College and university students who are struggling with drug or alcohol addiction should be reaching out for help. Most college campuses have student health services, college counseling programs, or even student-operated sober initiatives. If you ignore the problem and allow it to persist throughout your college career, you are placing your academic performance at risk. Even being charged with a drug or alcohol-related offense will make it difficult to find employment after school. There are many ways to avoid excessive drinking and drug use. It is important to stay informed, and know your limits, and reach out for help if you feel affected by drug and alcohol use. Drug and alcohol rehabilitation services for college and university students include counseling programs, outpatient and intensive outpatient services, detox centers, and residential long-term treatment centers.
Drug and alcohol abuse on Canadian college/university campuses is a problem that affects thousands of students each year. Excessive alcohol use, for example, is a common problem on Canadian college campuses, and it often starts the first day of classes. Students are exposed to various lifestyles, such as alcohol use, recreational drug use, and the use of study drugs. The Canadian Centre for Substance Abuse and Addiction (CCSA) reports that aside from alcohol, 18% of post-secondary students reported using marijuana in the past 30 days. Roughly around 2% of college students reported using illicit substances in the past 30 days, and the perception is that most of their peers abuse drugs. There are many reasons why Canadian students choose to abuse drugs or alcohol. There is freedom with unsupervised college life, and some do it to improve socializing and feeling lonely. One of the most common reasons is to manage stress, escape reality, and function day-to-day. Marijuana is still the most widely used substance on college campuses. There is also a high prevalence of prescription medication abuse, such as with Adderall. Prescription stimulants are often abused during exam time and are used as study aids, which are obtained from other students and a prescribing doctor.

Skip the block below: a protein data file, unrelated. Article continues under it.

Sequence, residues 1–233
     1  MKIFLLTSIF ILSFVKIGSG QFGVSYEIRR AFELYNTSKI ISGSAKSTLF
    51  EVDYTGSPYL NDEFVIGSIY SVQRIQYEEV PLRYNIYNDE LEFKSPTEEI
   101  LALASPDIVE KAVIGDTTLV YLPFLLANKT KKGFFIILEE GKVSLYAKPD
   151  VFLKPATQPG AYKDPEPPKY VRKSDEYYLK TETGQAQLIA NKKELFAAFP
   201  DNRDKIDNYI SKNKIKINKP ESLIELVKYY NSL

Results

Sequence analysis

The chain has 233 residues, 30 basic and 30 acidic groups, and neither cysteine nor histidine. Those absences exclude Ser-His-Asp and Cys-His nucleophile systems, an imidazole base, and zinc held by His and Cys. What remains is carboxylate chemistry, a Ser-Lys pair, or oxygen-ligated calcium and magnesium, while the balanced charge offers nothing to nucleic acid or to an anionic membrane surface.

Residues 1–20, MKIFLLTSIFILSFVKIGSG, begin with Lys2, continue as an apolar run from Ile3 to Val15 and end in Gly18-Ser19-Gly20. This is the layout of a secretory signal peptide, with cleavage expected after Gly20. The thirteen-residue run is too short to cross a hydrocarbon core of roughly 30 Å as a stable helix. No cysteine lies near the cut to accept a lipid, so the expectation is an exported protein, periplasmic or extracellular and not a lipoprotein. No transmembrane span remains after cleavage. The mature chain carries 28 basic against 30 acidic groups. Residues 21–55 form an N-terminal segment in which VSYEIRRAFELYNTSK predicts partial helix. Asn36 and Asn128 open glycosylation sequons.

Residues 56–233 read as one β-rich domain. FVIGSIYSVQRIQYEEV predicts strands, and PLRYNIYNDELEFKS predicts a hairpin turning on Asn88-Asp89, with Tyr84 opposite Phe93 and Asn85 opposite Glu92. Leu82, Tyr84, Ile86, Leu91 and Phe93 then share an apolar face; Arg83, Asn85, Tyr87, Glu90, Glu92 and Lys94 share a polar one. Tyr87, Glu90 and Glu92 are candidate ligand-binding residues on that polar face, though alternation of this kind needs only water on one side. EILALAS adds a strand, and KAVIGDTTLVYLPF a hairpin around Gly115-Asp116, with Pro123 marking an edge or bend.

Students going to college or university face several challenges such as the changes with friends and independent living. Time management is often viewed by students as being difficult to do, and on some campuses, students report challenges with accessing health services. According to the Canadian Tobacco, Alcohol and Drugs Survey (CTADS) in 2017 the use of illegal drugs was higher among males than females. 20% of those who were between 15 and 19 years of age were using illegal drugs, and 35% of young adults between 20 to 24 years of age were using illegal substances. The American College Health Association survey conducted among Canadian colleges in 2017 revealed in the Canadian Journal of Community Mental Health (CJCMH) that 70% of students reported they consumed alcohol in the past 30 days. Around 35% of students reported they had consumed five or more drinks on a single occasion within the past two weeks. This technically fits into the definition of binge drinking or heavy episodic drinking. Binge drinking is one of the most widely recognized problems in Canadian colleges and universities.
Maclean’s Magazine published an article talking about some of the top party schools in 2019. Queens University, for example, has a reputation for being one of those schools. A police presence in the Queens University District on the weekends is not uncommon. The street party scene at the university got so out of hand it led to the city of Kingston taking drastic actions. In 2018, the city of Kingston, Ontario passed the Nuisance Party Bylaw. This allows police to disperse large out of control parties. Moreover, they can issue fines starting at $500, and a new deterrent under the University District Safety Initiative no longer allows students to pay their fines online. Each student who is fined is required to appear before a justice of the peace in the Kingston courthouse. This causes their names to be released back to the university where they can later be charged under the student code of conduct, resulting in severe academic consequences. Large unsanctioned street parties in the Kingston University District were the driving factor for this.